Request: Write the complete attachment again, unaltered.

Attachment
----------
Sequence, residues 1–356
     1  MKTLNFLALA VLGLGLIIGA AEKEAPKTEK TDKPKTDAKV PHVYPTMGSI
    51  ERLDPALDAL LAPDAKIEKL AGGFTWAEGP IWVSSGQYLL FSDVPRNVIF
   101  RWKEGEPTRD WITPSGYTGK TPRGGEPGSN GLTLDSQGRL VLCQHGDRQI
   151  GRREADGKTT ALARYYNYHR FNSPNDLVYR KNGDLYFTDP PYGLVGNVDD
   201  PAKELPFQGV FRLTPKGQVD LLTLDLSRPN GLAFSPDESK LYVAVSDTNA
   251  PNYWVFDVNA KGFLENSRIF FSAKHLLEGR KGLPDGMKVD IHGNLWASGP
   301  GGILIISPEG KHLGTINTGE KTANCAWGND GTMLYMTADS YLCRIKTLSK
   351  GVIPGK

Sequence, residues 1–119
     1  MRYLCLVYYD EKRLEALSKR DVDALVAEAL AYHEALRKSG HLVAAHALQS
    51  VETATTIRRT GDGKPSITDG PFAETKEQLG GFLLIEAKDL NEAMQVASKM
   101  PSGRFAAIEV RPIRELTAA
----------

Sequence, residues 1–356
     1  MKTLNFLALA VLGLGLIIGA AEKEAPKTEK TDKPKTDAKV PHVYPTMGSI
    51  ERLDPALDAL LAPDAKIEKL AGGFTWAEGP IWVSSGQYLL FSDVPRNVIF
   101  RWKEGEPTRD WITPSGYTGK TPRGGEPGSN GLTLDSQGRL VLCQHGDRQI
   151  GRREADGKTT ALARYYNYHR FNSPNDLVYR KNGDLYFTDP PYGLVGNVDD
   201  PAKELPFQGV FRLTPKGQVD LLTLDLSRPN GLAFSPDESK LYVAVSDTNA
   251  PNYWVFDVNA KGFLENSRIF FSAKHLLEGR KGLPDGMKVD IHGNLWASGP
   301  GGILIISPEG KHLGTINTGE KTANCAWGND GTMLYMTADS YLCRIKTLSK
   351  GVIPGK

Sequence, residues 1–119
     1  MRYLCLVYYD EKRLEALSKR DVDALVAEAL AYHEALRKSG HLVAAHALQS
    51  VETATTIRRT GDGKPSITDG PFAETKEQLG GFLLIEAKDL NEAMQVASKM
   101  PSGRFAAIEV RPIRELTAA